The fruit arrived shortly before Christmas… a case each of grapefruit, cara-cara oranges, tangelos and mandarins. All organic and sent to Wisconsin from Florida via our CSA. The excitement was palpable. Kids and grown-ups tore into citrus with abandon.
By the end of January it was passé.
Now truly, this is how eating seasonally works. A large supply of [fill in the blank] arrives, pandemonium ensues, everyone gorges, then supply and excitement fall together. Just in time for the [insert a different crop] harvest. And as I surveyed the refrigerator today, just a handful of mandarins lingered.
But they were starting to shrivel and no one was touching them.
And so I went on an internet quest and arrived at the Lucullian Delights blog—and a beautiful picture of glistening glazed orange sections. I adapted the recipe for American measurements and gave it a try. The original recipe said to add a couple drops of vinegar and wait for them to turn yellow—then the coating would be ready. Since my organic sugar produced a liquid that was golden from the start, I used my candy thermometer and cooked it to the soft ball stage (235-ish) which results in a soft chewy coating. And instead of dipping half at a time like the recipe recommended, I lined up my collection of fondue forks to dip and dry in a single move.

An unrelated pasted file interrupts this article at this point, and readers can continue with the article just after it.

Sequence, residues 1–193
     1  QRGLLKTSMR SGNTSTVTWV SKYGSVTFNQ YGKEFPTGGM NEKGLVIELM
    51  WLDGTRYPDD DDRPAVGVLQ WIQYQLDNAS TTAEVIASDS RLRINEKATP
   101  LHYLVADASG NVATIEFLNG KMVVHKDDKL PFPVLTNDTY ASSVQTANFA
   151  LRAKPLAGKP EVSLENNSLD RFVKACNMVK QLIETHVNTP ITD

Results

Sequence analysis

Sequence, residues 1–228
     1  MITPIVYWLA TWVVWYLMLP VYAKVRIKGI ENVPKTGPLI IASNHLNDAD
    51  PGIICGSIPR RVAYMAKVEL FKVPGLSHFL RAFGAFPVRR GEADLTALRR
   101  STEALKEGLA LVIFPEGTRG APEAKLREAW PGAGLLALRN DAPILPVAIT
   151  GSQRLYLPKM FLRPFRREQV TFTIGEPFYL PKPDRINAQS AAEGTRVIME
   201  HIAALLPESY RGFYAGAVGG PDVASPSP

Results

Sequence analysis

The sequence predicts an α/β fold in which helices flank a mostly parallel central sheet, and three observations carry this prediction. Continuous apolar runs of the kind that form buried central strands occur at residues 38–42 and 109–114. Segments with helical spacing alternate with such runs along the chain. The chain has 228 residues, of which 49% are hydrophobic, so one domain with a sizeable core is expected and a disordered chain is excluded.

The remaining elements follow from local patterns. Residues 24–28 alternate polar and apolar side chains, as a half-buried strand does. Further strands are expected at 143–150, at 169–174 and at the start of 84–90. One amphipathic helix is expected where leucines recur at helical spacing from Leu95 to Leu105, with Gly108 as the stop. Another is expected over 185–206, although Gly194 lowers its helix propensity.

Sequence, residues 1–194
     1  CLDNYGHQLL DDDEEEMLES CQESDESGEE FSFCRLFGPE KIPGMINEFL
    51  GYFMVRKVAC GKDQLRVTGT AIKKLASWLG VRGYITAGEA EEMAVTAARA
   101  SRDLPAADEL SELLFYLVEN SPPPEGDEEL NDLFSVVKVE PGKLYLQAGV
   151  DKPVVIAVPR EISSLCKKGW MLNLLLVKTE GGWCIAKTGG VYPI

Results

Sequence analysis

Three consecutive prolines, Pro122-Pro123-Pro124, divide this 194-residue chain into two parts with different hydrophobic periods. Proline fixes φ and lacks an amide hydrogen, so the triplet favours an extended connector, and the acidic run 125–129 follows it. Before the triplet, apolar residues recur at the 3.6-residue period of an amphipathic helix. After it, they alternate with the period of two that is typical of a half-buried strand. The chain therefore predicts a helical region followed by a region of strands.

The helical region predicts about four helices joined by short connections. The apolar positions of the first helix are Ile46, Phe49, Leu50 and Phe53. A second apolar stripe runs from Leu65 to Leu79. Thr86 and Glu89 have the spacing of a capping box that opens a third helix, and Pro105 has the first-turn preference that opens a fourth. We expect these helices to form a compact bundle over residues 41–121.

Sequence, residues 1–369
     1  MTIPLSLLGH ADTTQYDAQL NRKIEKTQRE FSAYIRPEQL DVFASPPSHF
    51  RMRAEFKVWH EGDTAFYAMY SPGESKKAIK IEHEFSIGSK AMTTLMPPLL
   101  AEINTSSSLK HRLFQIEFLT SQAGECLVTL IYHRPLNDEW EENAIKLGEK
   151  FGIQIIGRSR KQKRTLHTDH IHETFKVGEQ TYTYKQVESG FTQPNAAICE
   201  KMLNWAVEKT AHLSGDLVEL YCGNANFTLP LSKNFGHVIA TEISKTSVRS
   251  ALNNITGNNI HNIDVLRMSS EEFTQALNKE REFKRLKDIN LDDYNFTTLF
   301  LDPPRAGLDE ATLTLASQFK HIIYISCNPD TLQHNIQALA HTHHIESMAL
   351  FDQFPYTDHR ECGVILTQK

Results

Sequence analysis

Ginger Glazed Oranges
- 3/4 c sugar
- 1/4 c water
- 1 inch piece of ginger, peeled and cut in a couple pieces
- peeled orange sections
1. Let orange sections dry at room temperature for an hour or two.
2. Place sugar, water and ginger in saucepan and cook to the soft ball stage (235F).
2. Dip orange sections (carefully, syrup is hot) into syrup.
3. Let dry until cool.
4. Eat immediately or store in refrigerator.
The flavors of ginger and orange are magical together—and the whole process was very easy. My dipping and drying techniques definitely need work… and I will be experimenting with taking the glaze up to the hard ball stage when next year’s bounty arrives. These were devoured in under an hour (some while still warm)—mission accomplished!
For an interesting discussion about cooking stages in candy making see: http://www.exploratorium.edu/cooking/candy/sugar-stages.html